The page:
Tuesday, June 18, 2013

Eating the Alkaline Way

Ever since I first read up on alkaline diets while on the Crazy Sexy Diet cleanse two years ago, I've been off and on obsessed with trying to eat as many alkaline foods each day as possible. Of course, I go through plenty of vegan junk food phases. But when I'm trying to get back in line, I reach for alkaline-forming veggies and fruits.

Alkaline food is easier than acidic food on the digestive system since it matches the pH of the blood. And it's believed that cancer cannot live in an alkaline environment, so the more fresh veggies and fruits you're eating, the better. Of course, it's all about balance. Acidic foods, like beans, nuts, and wine, have health benefits too. But it's all about the balance.

And balance is what Eating the Alkaline Way by Nastasha Corrett and Vicki Edgson is all about. This vegetarian cookbook (it's not totally vegan) kicks off with helpful articles and charts listing alkaline foods and acidic foods. There's a great piece on kicking bad habits, and there's even an "Honestly Healthy Cleanse" readers can follow with meal plans and lists of foods to avoid for the entirety of the cleanse (it ranges from 5 days to 3 weeks, depending on your preference).

But the best part of this book are the recipes! The book is full-color and loaded with gorgeous photos of fresh juices, raw summer spring rolls (with nori wraps), eggplant and pesto rolls, avocado mango dill salad, and butternut squash risotto (made with brown rice). After much deliberation, I finally settled on trying the Mixed Vegetable & Soybean Hotpot.


That's a miso soup with butternut squash (substituted for pumpkin in the recipe), carrots, potatoes, zucchini, bell pepper, and cubed tofu. It was light and refreshing, and I just felt so darn healthy eating it. I have to admit that I did add more tofu than the recipe called for. Tofu is closer to the middle on the alkaline scale, but it's not as acidic as say, sunflower seeds or rice.

There are so many more recipes in this book I want to make. And although they aren't all vegan, most are easily veganizable. Some call for goat cheese or feta as a topping. But that can be left off without affecting the dish (and in my opinion, leaving those nasty things out make it so much better for you and better-tasting).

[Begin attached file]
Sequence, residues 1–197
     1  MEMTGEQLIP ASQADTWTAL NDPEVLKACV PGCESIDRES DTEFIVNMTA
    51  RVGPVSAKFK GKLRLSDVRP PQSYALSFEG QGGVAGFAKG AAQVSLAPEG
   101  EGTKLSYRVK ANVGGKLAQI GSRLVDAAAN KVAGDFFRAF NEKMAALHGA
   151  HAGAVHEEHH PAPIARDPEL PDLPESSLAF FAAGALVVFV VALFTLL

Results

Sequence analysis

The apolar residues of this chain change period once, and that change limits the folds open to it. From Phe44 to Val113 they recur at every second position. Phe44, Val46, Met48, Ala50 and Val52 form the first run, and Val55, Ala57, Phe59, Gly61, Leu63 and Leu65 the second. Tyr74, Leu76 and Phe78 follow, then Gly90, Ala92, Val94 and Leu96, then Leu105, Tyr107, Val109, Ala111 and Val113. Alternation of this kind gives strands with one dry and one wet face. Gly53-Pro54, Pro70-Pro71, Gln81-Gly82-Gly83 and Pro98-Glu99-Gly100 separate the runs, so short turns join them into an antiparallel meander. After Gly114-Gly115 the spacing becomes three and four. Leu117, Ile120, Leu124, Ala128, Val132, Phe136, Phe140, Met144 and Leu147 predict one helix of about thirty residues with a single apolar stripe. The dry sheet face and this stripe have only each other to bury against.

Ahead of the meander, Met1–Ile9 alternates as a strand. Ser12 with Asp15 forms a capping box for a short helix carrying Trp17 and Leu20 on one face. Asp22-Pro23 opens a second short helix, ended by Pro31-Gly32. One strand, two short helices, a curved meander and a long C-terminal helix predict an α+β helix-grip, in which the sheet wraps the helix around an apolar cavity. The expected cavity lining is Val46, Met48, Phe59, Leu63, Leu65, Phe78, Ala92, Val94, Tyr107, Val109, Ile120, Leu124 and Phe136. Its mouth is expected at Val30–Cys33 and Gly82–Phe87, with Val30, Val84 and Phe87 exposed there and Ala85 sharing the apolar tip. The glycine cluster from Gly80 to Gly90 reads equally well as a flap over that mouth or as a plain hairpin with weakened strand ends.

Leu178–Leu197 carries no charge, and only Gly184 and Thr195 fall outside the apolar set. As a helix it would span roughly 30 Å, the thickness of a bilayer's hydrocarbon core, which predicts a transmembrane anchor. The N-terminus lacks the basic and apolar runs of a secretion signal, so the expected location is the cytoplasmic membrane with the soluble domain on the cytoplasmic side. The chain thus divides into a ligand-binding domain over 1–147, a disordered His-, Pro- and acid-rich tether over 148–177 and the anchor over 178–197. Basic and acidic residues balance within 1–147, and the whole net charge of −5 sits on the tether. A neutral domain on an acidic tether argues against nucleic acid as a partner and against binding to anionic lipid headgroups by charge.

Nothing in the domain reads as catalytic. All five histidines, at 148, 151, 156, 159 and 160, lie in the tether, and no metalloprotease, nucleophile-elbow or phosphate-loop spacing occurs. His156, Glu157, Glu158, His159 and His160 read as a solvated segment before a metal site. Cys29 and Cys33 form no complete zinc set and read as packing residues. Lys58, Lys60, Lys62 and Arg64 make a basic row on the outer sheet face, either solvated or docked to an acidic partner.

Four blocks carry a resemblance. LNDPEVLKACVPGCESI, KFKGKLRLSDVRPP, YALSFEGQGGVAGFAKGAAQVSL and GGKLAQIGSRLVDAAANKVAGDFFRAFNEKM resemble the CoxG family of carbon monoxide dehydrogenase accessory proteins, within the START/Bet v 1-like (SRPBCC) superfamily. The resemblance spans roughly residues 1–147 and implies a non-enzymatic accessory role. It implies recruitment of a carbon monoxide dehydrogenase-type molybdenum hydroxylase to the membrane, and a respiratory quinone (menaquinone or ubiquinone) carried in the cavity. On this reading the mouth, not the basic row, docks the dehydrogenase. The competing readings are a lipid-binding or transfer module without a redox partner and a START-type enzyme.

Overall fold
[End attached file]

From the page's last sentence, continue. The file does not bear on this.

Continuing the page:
Even desserts can be alkaline! There are recipes for raw mango coconut balls, raw chocolate mousse, and chocolate superfood ganache!

4 comments:

xvavaveganx said...

This book sounds great! I try to eat Alkaline foods too (also after reading CSD) so a whole cookbook dedicated to it sounds amazing! The soup looks beautiful and flavorful too! Thanks for sharing!

Susan said...

Did you have to call goat cheese nasty at the end? I just feel like it's kind of pointless to make vegetarians like myself who choose to eat eggs and dairy feel less awesome. It's kind of alientating. It's your blog and all (and I love it) but stuff like that is disheartening. I shouldn't care what anyone says on their own blog, and most days I don't, but I was thoroughly enjoying (like, really really) your post and then....yeah. :/

Jeanie Hay said...

It's like saying animal abusers have feelings too.. I love cheese and eggs as much as the next gal but not for the price the animal has to pay to get it, and therefore I have a right to feel as if I'm making the kinder choice, hence, pride in my veganism... and I'm tired of people knocking vegans for being proud of the sacrifices and choices we make!

Bianca said...

Sorry Susan. Didn't mean to alienate. But I think part of my issue is actually with the book itself calling for cheese ... since cheese is definitely not alkaline. Probably should have gone into more detail about that. I have lots of omni and vegetarian friends, and I don't ever chide them for what's on their personal plates. But I don't mind speaking generally about how I feel about cheese.